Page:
Where without generics

Behold this struct:

pub struct Battery(Device)
    Device: BatteryDevice;

Is this basically a fancy way of writing:

pub struct Battery(BatteryDevice);

.. or is there more to it?

1 Like

Here's a minimized example:

pub trait BatteryDevice {}

pub struct Device;

impl BatteryDevice for Device {}

pub struct Battery(Device)
    Device: BatteryDevice;


Looks like this trait bound is simply a way to enforce more adequate compiler errors in case when Device is (erroneously) not implementing BatteryDevice: you can check that, if you comment out the implementation, compiler will complain:

error[E0277]: the trait bound `Device: BatteryDevice` is not satisfied
 --> src/lib.rs:7:1
7 | / pub struct Battery(Device)
8 | | where
9 | |     Device: BatteryDevice;
  | |__________________________^ the trait `BatteryDevice` is not implemented for `Device`
  = help: see issue #48214

This might be helpful, because in practice Device is a plaform-dependent reexprort, and, if the implementation is accidentally omitted for one of cases, compiler will hint on the real problem, not on the place where the implementation ought to be used.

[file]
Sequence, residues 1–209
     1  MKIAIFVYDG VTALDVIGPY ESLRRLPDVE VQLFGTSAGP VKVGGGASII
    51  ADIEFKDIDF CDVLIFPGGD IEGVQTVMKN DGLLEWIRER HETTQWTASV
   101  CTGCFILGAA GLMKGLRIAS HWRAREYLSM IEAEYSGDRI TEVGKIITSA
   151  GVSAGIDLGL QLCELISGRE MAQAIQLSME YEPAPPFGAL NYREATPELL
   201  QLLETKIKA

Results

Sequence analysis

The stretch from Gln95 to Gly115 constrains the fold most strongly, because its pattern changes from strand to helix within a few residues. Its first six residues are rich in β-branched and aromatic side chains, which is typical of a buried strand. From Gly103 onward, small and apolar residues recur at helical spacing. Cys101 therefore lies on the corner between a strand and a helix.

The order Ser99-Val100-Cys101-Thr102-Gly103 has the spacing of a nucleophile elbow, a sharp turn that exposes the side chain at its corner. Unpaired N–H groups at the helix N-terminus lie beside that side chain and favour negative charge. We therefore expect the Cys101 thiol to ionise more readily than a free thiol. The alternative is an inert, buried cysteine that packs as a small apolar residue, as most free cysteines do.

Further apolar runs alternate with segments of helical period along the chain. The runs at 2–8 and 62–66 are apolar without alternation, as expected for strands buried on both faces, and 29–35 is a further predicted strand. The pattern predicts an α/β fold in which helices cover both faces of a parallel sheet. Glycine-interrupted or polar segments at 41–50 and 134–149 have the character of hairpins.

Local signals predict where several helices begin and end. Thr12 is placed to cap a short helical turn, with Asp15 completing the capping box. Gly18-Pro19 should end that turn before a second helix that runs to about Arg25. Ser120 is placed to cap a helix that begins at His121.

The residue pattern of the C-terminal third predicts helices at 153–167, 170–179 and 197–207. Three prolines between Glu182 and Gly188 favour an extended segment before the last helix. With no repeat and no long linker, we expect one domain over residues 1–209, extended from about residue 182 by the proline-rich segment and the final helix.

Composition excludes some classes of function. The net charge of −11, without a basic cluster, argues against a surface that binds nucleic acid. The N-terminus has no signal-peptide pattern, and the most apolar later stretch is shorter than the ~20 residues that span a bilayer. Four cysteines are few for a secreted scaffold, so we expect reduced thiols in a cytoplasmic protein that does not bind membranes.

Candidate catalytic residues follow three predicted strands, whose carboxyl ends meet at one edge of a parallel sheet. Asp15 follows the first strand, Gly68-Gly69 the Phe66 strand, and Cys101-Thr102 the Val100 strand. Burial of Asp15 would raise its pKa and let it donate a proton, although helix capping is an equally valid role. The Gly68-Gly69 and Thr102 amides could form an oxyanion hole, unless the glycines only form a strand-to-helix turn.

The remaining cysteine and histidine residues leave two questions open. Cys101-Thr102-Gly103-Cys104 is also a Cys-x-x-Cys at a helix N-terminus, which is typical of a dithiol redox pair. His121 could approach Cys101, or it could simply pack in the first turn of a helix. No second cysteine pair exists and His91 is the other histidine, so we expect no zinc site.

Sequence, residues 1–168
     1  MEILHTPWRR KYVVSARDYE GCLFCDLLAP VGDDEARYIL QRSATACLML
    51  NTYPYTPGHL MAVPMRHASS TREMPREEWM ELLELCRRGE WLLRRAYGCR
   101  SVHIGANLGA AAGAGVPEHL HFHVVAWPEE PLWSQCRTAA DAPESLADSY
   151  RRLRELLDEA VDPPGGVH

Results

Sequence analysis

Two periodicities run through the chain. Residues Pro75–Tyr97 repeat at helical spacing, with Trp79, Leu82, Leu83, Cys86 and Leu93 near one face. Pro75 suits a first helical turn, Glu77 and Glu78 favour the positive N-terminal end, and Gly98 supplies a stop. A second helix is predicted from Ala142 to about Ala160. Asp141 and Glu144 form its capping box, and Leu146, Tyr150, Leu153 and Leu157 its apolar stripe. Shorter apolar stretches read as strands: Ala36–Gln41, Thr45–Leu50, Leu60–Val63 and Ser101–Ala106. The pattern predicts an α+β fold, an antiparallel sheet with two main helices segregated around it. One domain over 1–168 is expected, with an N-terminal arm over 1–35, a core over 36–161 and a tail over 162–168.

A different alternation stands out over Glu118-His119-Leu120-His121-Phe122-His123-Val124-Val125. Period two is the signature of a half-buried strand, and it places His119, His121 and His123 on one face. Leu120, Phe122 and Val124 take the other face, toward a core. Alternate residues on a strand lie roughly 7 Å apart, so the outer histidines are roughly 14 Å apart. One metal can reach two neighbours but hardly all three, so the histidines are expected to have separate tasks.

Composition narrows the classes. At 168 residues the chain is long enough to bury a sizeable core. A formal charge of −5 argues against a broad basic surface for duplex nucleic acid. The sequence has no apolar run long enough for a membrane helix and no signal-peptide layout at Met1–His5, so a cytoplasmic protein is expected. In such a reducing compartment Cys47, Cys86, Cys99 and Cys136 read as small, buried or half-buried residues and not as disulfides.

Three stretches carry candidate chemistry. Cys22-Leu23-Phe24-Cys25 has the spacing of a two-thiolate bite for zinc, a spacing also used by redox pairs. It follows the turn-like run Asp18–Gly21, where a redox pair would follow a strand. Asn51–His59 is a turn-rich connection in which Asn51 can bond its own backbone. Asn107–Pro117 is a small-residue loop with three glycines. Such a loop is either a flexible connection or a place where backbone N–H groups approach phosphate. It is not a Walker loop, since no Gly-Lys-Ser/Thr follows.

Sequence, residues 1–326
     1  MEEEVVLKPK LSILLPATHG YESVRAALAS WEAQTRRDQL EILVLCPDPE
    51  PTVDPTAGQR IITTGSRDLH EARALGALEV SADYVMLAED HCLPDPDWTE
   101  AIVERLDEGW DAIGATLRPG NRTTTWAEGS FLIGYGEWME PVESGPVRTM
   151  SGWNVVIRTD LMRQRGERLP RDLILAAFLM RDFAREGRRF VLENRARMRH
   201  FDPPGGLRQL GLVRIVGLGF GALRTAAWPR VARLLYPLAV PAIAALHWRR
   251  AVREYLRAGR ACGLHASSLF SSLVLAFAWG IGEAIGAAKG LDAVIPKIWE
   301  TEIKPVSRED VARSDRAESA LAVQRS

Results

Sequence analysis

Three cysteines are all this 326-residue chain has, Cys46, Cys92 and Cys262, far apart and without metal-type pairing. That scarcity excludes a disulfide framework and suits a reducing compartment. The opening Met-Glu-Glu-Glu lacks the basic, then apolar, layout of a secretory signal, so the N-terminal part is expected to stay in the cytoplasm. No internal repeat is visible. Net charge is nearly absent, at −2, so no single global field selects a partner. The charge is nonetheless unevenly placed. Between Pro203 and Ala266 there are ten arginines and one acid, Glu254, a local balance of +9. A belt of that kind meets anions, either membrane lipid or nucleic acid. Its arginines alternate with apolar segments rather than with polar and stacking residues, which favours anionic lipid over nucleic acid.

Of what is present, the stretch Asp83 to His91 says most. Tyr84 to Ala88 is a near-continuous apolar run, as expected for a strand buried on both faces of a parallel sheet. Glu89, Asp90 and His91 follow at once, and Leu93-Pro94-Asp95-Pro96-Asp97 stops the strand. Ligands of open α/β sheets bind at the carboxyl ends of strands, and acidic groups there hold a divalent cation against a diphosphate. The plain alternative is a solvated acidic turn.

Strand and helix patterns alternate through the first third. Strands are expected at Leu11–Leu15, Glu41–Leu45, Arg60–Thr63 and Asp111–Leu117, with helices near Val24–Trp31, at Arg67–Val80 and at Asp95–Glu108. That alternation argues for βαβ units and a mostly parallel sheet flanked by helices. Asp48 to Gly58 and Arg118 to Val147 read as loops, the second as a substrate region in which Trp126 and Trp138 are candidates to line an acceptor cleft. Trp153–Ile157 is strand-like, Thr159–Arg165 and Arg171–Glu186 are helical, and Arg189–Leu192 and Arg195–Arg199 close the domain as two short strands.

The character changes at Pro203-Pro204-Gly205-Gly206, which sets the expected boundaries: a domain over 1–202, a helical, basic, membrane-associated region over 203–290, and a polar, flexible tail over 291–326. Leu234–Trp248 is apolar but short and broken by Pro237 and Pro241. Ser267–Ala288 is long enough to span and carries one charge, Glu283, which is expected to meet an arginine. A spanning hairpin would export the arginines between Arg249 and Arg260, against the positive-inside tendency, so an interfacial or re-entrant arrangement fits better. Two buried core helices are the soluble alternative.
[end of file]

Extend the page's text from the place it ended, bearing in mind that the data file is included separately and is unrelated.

Side note: the declaration is

pub struct NewType(OtherConcreteType)
    OtherConcreteType: Trait;

where as

pub struct NewType(Trait);

would be deprecated syntax for

pub struct NewType(dyn Trait);

and those aren't the same thing (unless SomeOtherType is a type alias for dyn Trait), because dyn Trait is it's own distinct, single, concrete type.


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